In the Middle Ages, land was to some extent held collectively in South Wales, as in feudal England, with villages surrounded by ridge-and-furrow open fields. In contrast, in North Wales, farmers living in the same hamlet may have co-operated to the extent of sharing plough teams, but land was held by individuals. Throughout the Middle Ages, sheep were less significant than hardy upland cattle. Welsh medieval land holdings, however, were disrupted by partible inheritance (where all the land was shared amongst all the sons of a landowner), creating small farms which often sank into poverty. Partible inheritance was abolished by Parliament in 1542.[5]

By Early Modern times, the feudal system of South Wales collapsed and the open fields were enclosed piecemeal, by agreement between the affected farmers, leaving a countryside of independent farms. In the North, farmers continued to live in hamlets, which according to a 15th-century account consisted of nine houses all making use of "one plough team, one kiln, one churn, one cat, one cock and one herdsman."[6]

Corn being harvested near Llowes

The main farm animal in the lowlands remained cattle until the 18th century. In the uplands, sheep were kept, and if any cereal was grown, it was oats. Transhumance was practised, people moving with their animals from a low-lying "hendre" farm in winter, to an upland "hafod" farmhouse in summer. Transhumance declined through the 18th century and collapsed at its end as land was enclosed, both upland and lowland. Over 81,000 hectares of Welsh common land was rapidly enclosed and attached to existing landholdings between 1793 and 1815.[7]

In 1801, the population of Wales was 587 thousand, and most of these would have been living in rural areas and employed in agriculture. By 1911, the population had swelled to 2.4 million, more than half of whom lived in Glamorgan and Monmouthshire, where they were employed in mining, steel and other industries. There was a shift away from the land with many dwellers in the rural west emigrating in the 1830s and 1840s and migrating to the cities in the second half of the nineteenth century. By 1911, agriculture was a minor industry in Glamorgan, and migrant labour from England was needed to help get in the harvest. Rural craftsmen were also lost and their supply was replenished from depressed areas of southwestern England and by mass immigration from Ireland.[1]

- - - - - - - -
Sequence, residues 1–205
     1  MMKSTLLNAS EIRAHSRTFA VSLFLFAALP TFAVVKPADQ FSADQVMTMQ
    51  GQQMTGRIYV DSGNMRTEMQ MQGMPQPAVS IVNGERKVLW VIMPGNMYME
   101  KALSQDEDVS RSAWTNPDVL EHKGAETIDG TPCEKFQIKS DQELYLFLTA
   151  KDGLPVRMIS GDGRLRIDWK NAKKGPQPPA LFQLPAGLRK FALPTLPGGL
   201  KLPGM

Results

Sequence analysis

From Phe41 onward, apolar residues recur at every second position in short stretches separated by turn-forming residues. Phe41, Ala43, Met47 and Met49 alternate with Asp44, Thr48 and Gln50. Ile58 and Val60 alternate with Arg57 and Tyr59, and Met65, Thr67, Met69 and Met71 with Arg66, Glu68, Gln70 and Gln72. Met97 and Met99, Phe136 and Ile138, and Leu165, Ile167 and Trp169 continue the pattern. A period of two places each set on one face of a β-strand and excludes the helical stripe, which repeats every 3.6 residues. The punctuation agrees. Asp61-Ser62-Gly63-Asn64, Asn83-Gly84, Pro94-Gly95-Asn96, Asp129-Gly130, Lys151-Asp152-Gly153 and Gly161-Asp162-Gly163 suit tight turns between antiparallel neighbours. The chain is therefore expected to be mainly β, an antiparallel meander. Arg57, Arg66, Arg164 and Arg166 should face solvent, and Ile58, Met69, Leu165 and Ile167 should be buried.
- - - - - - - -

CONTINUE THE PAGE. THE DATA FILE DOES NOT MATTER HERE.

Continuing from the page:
Welsh farm labourers sowing seed, c. 1940s

Much of the land was in the possession of large landowners and let out to tenant farmers in holdings of less than 100 acres (40 ha), often with buildings in a poor state of repair. Tenants were too poor to pay higher rents so landowners were loath to make improvements such as land drainage.[1]

In 1914, there were 2,258,000 acres (914,000 ha) acres of permanent grassland and 340,000 acres (140,000 ha) of corn in Wales. There were 86,000 horses used for agricultural purposes, 807,000 head of cattle, 237,000 pigs and 3,818,000 sheep.[8]

In 2014, in Wales there were 1,048,000 hectares under permanent grass, a further 437,000 hectares were rough grassland, 87,000 hectares were woodland and 239,000 hectares were arable land (including temporary grassland). The number of horses for agricultural purposes are not mentioned in the statistics, but there were 290,000 dairy cows, 214,000 other cattle, 28,400 pigs and 9,739,000 sheep in the country. There were also 945 arable and horticultural holdings, 1,753 dairy farms, 12,650 beef and sheep farms, 95 specialist pig units and 426 specialist poultry units.[9]